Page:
How to Start a Blog (and Make Money) in 2023: Complete Step by Step Guide For Solopreneurs

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If you’d love to know how to start a blog today and turn it into a lifestyle business you can run from anywhere in the world, then you’re going to love this post!

I was motivated to write this guide by a friend who wants to start a cooking blog but was concerned she’d missed the blogging boat and was starting too late.

I’m here to tell you that blogging is not only alive and well, but absolutely the best way to start any online business, whether you want to sell services, digital products, or physical products.

What follows is your ultimate guide to starting & growing a money-making blog in 2023 & beyond, no matter what niche you’re pursuing.

But this isn’t your everyday ‘How to Start a Blog’ post.

The online world has changed dramatically since the first blog was published, and so I’m sharing strategies that are working right now and will continue to work as we move into a fast-changing future.

Let’s go!

Why blogging is the best way to start your online lifestyle business

These days there are so many ways to start an online lifestyle business; many people never get going because there’s just too many options and too much choice!

Should I start my business on Shopify?; should I become an Instagram Influencer?; should I sell products on Etsy or Amazon?; should I create courses on Thinkific or Teachable?; should I be building my email list?; should I become an affiliate marketer?; should I start a Facebook group?

BOOM! Head officially blown!

mind blown cat meme

No matter what niche you’re in or what business model you think you’d like to pursue, the one thing every single online lifestyle business has in common is that you’ll need an audience.

Just like a shop in a high street, unless you have footfall and people visiting your store, you won’t make any sales.

That’s why sites like Amazon, Etsy, Zazzle, Medium, Udemy, and social media platforms have become so popular for businesses in recent years.

They’ve built the brand, the trust, and the customer databases, so surely the easiest way to start an online business today is to simply put your product in front of their ready-made audience?

If only it were that simple, we’d all be gazillionaires!

The challenge is that everyone is thinking the same, so there are now millions of products on Amazon, Etsy, Zazzle, etc. Millions of blog posts on Medium and millions of accounts, videos, stories, posts, images, courses, training guides, and podcasts on Instagram, YouTube, Udemy, etc., all vying for your customer’s attention.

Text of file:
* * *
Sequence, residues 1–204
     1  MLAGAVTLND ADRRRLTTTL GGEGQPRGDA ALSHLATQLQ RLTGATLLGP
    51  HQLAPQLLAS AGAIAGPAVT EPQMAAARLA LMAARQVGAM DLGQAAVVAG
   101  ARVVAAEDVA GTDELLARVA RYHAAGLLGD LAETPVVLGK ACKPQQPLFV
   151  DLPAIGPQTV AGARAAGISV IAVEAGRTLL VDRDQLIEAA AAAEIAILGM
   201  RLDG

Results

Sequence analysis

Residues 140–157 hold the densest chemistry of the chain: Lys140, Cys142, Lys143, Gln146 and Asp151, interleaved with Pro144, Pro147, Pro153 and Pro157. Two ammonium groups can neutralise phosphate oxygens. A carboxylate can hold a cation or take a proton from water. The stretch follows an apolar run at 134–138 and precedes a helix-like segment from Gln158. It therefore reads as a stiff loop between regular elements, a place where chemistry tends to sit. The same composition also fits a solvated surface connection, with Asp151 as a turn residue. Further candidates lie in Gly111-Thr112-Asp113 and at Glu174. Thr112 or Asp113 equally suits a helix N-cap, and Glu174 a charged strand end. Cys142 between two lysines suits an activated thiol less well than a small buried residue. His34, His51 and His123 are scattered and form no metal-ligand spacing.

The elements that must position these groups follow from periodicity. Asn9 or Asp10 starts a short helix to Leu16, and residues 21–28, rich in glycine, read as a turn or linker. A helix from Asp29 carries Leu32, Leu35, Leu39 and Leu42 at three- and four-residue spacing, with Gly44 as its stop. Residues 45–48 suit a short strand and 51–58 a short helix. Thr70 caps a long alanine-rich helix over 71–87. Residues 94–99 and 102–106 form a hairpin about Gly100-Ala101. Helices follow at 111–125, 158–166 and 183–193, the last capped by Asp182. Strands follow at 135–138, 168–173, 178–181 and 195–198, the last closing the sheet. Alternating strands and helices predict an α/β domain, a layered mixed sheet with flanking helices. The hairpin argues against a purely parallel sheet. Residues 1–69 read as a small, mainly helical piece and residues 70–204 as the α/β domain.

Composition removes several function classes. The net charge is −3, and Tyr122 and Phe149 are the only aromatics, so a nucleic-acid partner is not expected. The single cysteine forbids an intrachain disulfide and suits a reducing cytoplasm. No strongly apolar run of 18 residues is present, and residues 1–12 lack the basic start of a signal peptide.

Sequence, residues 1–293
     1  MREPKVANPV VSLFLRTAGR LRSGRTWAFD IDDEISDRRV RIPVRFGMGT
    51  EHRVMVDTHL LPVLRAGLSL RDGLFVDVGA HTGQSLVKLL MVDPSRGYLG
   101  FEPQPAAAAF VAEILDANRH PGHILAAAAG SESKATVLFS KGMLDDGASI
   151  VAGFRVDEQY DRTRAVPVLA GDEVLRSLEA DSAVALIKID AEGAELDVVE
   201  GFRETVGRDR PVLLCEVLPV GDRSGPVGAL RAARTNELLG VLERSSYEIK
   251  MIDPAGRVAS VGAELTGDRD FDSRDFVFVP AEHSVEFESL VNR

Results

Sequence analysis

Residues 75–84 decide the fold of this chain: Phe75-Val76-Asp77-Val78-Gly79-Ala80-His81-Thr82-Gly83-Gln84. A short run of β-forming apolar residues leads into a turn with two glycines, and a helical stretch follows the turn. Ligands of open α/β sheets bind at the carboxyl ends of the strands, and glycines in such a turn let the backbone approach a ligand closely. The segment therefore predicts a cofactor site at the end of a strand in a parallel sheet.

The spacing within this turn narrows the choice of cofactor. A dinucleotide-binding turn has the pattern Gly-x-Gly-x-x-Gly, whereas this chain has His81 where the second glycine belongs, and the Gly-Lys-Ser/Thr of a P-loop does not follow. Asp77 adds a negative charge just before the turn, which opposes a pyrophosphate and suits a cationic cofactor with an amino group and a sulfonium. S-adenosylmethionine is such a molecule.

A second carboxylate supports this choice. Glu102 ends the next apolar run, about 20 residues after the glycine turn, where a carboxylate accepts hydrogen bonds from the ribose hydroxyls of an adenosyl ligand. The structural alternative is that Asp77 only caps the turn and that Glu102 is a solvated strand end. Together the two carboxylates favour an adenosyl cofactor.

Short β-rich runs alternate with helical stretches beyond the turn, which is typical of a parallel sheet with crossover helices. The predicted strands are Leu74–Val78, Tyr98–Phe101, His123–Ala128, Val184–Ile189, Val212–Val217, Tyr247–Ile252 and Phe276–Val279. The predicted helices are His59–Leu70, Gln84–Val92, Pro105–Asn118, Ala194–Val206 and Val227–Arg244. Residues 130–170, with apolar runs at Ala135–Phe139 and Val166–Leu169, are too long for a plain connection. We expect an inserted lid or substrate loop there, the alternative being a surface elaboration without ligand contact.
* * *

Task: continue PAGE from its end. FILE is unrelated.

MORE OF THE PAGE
Sure, by simply being in the game, you can achieve some wins, but without your own strong brand, you’ll always just be another product or service in a sea of products and services that people come across more by luck than by judgment.

Surely it’s possible to build a strong brand just on social media these days though Jo, why do we also need a website?

Great question!

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The Importance of Building a Blog

Yes, you can, of course, build a strong brand on social media, as long as you’re willing to feed the beast 24/7. If you’re happy to be pumping out YouTube videos, Instagram stories, or TikTok clips faster than my husband eats pizza, then please be my guest.

But I’m not getting any younger, I travel a lot, I enjoy spending time with my family, and I don’t want to be online every hour of the day.

That’s why I went looking for a way to build a strong brand that would stand the test of time. A platform, that if I put in the hard work upfront, would pay me repeatedly for years to come.

Without a doubt, the best route to achieve this is by starting and building your own website.

This is your space on the web. You own it.

You can put whatever you want on it; you can talk about whatever you want, you can embed videos, audio, images, social media posts. You can add digital products, physical products, services. It’s yours. You can do whatever you want with it.

And with some well-planned content, a growth strategy, and the willingness to put in the work upfront, your website will keep paying you for years to come.

Just take a look at popular digital marketing blogs like He started his blog out of his bedroom, where he worked 12+ hours a day, seven days a week for well over a year straight!

Through an incredible amount of perseverance and commitment to publishing top quality content on his blog, he got to a point where his blog was making more than $25,000 a month through affiliate revenue!